Despite recent meaningful national and international discussions on women's economic, political, and educational opportunities, little has been said about whether the promotion and protection of women and girls abroad will remain a key policy priority for a Kerry-led State Department.
The 94-3 Senate vote confirming John Kerry as our new Secretary of State is, in that regard, a remarkably unifying, indeed affirming, action as I see it. Not a thing to do with gender, race, God, age or political party: simply the most qualified American for the job.
Messrs. Obama's and Kerry's challenge is to make a reset more of a priority. Both sides need to shake off the remnants of the Cold War and embrace the new normal.
Today, 60 leading environmental, conservation, development and faith-based organizations urged Secretary Kerry to emphasize the severity of the threat of climate change and spur bold and immediate action.
It is important to consider how Kerry's appointment could shape U.S. foreign policy, both in the short- and long-term. Moreover, how might Kerry's tenure in the State Department affect the relationship between the U.S. and international organizations like the United Nations?
Has there been a change in Obama Administration policy over the past four years? There are certainly indications that this might be the case.
When Secretary of State Colin Powell spoke to the U.N. Security Council on February 5, 2003, countless journalists in the United States extolled him for a masterful performance.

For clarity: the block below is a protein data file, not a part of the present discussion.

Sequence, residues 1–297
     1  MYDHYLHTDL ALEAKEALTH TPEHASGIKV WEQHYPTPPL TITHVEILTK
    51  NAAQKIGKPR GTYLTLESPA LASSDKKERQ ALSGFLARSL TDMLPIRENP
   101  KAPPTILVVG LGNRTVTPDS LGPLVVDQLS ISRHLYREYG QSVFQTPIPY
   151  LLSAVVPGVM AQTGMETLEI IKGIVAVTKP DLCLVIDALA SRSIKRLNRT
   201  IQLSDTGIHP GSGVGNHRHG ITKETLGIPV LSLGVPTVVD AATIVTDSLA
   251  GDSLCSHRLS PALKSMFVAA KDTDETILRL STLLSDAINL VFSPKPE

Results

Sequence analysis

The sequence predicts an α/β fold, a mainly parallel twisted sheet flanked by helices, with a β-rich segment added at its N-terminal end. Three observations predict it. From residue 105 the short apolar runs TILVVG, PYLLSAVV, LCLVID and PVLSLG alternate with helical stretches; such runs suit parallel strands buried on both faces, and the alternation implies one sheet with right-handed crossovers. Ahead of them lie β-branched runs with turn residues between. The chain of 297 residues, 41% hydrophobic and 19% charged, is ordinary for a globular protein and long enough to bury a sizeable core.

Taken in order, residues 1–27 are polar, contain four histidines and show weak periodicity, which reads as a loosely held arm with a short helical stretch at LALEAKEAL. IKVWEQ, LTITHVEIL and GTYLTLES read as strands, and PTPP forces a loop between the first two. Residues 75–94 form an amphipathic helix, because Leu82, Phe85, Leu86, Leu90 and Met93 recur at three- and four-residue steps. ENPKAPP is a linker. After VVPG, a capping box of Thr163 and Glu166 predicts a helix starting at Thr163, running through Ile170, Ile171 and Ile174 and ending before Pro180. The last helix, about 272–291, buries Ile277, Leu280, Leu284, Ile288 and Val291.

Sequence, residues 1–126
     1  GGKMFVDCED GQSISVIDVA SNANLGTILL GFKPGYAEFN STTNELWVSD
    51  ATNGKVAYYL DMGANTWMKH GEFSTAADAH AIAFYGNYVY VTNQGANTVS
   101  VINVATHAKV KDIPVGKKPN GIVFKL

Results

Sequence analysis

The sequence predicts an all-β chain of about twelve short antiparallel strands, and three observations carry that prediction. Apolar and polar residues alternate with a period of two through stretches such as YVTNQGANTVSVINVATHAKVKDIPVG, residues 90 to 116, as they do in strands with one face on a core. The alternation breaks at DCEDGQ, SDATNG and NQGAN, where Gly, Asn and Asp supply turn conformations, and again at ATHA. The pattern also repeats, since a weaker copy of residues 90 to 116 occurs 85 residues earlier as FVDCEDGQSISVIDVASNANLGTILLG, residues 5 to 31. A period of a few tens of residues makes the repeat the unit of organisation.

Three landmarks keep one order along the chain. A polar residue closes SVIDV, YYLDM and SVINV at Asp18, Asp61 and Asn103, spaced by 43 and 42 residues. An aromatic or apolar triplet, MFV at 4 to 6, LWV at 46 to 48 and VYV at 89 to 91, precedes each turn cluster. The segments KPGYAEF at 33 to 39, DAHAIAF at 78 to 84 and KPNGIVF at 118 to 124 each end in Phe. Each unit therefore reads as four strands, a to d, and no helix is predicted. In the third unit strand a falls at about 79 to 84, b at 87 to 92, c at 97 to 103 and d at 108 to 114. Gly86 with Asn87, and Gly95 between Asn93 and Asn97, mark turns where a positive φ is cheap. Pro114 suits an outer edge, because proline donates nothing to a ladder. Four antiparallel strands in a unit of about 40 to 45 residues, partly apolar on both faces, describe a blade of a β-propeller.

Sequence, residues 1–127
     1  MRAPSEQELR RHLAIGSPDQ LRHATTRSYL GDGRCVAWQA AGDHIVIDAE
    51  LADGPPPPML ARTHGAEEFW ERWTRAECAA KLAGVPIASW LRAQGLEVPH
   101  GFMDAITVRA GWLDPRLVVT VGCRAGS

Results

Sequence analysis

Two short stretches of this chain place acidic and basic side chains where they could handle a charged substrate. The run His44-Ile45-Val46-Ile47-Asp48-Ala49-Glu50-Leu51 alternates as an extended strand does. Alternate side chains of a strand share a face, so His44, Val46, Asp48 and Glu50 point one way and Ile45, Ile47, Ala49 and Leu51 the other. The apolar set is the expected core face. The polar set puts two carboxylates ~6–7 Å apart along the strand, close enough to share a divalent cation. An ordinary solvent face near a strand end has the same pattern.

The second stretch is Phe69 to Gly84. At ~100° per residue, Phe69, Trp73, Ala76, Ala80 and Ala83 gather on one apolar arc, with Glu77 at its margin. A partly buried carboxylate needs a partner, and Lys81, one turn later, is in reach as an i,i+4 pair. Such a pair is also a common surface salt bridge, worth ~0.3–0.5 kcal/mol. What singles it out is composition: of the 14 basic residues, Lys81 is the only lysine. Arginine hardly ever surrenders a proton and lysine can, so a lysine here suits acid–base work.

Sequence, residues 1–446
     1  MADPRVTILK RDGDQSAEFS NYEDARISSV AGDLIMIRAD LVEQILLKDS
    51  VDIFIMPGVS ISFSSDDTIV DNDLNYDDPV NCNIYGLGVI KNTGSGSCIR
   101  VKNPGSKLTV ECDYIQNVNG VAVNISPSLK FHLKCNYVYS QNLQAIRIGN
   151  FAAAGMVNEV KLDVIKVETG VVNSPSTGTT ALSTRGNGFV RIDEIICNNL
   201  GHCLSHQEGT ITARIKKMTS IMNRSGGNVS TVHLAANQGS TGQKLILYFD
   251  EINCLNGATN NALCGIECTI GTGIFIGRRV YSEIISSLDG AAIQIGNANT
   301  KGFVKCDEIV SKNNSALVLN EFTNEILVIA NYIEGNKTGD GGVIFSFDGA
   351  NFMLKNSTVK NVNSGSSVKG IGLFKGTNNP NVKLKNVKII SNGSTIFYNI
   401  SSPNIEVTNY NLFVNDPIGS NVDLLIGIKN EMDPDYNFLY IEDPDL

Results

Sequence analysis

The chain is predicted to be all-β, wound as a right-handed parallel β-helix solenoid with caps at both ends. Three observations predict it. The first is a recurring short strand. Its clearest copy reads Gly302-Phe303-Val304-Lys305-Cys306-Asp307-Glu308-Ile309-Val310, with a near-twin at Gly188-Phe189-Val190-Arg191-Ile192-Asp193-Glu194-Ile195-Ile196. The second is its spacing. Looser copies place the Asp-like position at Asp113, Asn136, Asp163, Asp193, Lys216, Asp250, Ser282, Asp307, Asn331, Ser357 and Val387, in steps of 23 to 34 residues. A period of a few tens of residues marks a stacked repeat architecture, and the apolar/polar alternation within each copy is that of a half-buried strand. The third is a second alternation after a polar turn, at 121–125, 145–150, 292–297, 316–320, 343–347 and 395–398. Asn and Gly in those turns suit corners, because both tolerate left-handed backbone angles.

Finding a solution to the Israeli-Palestinian conflict, which has gone on for more than sixty years, should now be a top priority for President Obama as it is central to Arab-Israeli peace and will dramatically enhance regional stability.
John Kerry comes to the job with a long history of work on AIDS. So there are high hopes that he will pick up the ball where Secretary Clinton left off and help ramp up U.S. global AIDS efforts.
President Obama will soon have to decide whether he will be the "all of the above" president or the "respond to climate change" president.
Cultural diplomacy or public diplomacy cannot be effective when coupled with acts of war. This is a lesson which major powers keep learning and also keep forgetting. Public diplomacy could not succeed in Iraq as long as military force was used.
With another presidential election cycle and inauguration behind us, it might be worth noting something that may be an indicator of which presidential candidate will actually win -- no matter which party he (or she) -- represents.
Solar power has undergone a historic transition from expensive niche technology to a rapidly expanding cheap technology that is experiencing dramatic growth rates. A solar surge requires four tactical moves that, taken together, would constitute big change.
Military action must be the last, rather than the primary, tool of foreign policy. While Chuck Hagel knows this, he also knows that the nation's military must be ready and able to deliver overwhelming force when required.
On top of its looming decision on the Keystone XL, it's likely that the Obama administration will make a final decision on whether or not to greenlight shale gas exports sometime in 2013. The policy agenda is about to heat up in the energy and environment policy arenas inside the Beltway.
TWITTER: @GreenNewsReport FACEBOOK: Green News Report The 'GNR' is also now available on your cell phone via ...